After a little shopping in the centrum and another unsuccessful attempe to find some stroopwaffels, we saw Star Wars! Yes and it was on an obnoxiously large screen and it was all in English with Dutch subtitles. Guess what? Vader means father in Dutch.
Lunch at a bakery. I had a raw salmon sandwich on rye. Not bad.
We took another couple trains and met up with Rob´s old mission companion, Brobbey from Ghana. He was really fun to talk to and his wife made us chicken wings. Woohoo!
Brobbey ate his chicken bones.

Day Eight

Got the heck outta Dodge today. And by Dodge I mean Groningen. After about a zillion (I lost count somewhere between "a lot" and "hekuva lot"), we made it to Dordrecht (nobody else has heard of it either, but it is near Rotterdam). Now we are staying with a guy named um.....something. Rob, what was his name? He was cool.
He took us to see windmills (a hekuva lot, to be precise). Holy cow, there were windmills everywhere. And ducks. Lots of ducks. Rob, what was the windmill and duck place called again? It must be late.
Oh, geez, I almost forgot. On the way to Dordrecht we stopped at the Dutch Royal Palace. Lots of cool wallpaper and paintings of naked people, which smart people call "culture". Whatever its called, that wallpaper is something else, I tell ya. Rob, what was the palace called? Het Loo or something. Anyway here´s an old-timey drawing.

Day Seven

So I went running today. It was really nice out and I ran next to this lake in Groningen. There were signs warning me of a nude beach, but it was only sixty degrees or so out I figured I was safe. I was.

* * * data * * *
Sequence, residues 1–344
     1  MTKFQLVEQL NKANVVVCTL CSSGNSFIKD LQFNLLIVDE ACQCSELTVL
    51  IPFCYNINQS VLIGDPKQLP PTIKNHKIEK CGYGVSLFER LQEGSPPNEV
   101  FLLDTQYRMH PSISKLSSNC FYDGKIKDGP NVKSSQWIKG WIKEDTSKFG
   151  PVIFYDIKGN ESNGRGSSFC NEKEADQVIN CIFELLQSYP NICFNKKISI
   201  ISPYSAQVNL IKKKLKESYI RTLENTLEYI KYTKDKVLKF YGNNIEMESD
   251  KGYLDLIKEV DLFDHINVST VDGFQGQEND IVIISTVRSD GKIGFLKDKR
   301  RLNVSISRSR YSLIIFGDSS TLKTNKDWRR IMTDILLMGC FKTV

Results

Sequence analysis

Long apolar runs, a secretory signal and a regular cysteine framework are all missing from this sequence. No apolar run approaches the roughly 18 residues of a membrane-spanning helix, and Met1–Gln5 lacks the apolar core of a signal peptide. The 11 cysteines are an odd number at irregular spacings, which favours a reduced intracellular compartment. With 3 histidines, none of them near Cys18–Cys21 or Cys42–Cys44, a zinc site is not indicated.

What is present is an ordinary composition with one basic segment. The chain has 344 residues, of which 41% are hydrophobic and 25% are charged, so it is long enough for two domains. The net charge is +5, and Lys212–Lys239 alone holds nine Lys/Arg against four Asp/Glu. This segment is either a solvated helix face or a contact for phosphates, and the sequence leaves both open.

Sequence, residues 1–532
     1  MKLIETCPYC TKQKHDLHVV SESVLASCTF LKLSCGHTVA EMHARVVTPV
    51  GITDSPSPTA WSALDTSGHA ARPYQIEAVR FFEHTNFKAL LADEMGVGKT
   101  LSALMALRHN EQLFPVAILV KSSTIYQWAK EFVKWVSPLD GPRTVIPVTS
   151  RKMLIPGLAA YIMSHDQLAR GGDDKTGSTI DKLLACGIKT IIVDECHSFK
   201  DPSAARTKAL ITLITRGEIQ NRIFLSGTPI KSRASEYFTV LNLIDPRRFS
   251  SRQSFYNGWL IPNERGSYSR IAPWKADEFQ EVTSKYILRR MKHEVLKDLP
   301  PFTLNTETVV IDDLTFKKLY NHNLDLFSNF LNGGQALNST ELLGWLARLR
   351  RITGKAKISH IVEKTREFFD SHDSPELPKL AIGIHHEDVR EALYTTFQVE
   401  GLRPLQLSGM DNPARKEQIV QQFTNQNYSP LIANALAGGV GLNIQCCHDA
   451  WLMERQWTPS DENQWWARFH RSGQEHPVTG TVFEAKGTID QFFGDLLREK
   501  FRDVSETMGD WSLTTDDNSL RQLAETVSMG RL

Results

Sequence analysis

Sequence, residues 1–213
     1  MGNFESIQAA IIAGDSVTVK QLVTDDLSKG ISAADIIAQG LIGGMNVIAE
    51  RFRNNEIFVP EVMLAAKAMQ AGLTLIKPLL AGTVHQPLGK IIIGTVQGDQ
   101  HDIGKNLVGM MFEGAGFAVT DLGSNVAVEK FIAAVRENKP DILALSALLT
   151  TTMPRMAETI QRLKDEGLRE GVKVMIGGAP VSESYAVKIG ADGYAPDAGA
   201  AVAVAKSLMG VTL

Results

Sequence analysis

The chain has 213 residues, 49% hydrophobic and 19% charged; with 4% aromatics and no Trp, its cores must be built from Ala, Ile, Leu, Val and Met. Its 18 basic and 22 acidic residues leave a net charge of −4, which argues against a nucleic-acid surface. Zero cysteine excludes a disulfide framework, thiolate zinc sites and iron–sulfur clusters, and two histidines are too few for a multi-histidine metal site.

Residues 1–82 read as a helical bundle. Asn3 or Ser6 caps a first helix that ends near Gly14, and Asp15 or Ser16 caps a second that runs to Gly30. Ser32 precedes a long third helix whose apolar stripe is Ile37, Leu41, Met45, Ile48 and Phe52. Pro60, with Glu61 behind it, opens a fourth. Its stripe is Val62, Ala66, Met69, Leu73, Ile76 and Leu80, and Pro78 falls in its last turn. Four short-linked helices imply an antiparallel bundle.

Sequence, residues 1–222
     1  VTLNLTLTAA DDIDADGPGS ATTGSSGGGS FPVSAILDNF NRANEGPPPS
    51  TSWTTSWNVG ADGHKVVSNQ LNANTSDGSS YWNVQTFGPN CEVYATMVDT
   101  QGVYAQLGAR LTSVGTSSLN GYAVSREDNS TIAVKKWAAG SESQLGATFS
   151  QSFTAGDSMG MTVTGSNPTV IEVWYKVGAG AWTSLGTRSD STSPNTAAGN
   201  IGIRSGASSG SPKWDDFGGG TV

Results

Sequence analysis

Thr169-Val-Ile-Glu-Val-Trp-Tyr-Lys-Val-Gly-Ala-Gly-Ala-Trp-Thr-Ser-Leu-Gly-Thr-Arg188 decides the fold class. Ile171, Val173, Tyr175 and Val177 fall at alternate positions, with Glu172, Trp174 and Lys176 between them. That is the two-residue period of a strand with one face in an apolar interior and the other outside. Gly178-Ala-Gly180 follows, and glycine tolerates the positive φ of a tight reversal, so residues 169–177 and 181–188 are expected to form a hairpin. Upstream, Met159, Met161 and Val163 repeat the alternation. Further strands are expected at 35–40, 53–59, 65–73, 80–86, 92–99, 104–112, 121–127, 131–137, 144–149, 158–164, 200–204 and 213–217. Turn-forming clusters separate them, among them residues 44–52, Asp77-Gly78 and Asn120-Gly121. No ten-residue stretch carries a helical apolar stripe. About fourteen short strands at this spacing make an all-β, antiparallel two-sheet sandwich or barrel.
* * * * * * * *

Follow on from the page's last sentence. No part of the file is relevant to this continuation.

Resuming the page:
We visited Harm, one of Rob´s converts. He plays organ for a group called Planet Orange. He was cool but struggled a little with English. We did a little blues jam with him. I played organ and he and Rob played giutars. Jamming with Dutchmen is fun, I have decided.
And we climbed Martini tower and I rang this giant bell, just like Quasimoto. Very cool. Then we rented and watched Super-size Me with more of Rob´s dutch girlfriends.


Day Six

Sorry for not updating. But I´ll catch up.
Today we played volleyball with some of Rob´s former ward members. These two scary-looking Dutchmen started playing. They were twins. One kept saying "shit" and the other kept saying "fetch". Is that funny to anyone else?
And today was a big holiday called Pinkster(Pentecost) and so there was this big carnival. Kind of dumb, but we did ride bumper cars and we all ganged up on this kid with a mullet.
We hung out with Robert´s dutch friend-girl. She took us to this really cool bar and we drank. Coke.
Just as a side note: dutch toilets have this shelf thing that catches...uh...anything that falls in and holds it in the open air until you flush. Good because it eliminates the unsettling splash. Bad because it permeates into the air much faster(Read: it stinks). More info on this strange phenomenon.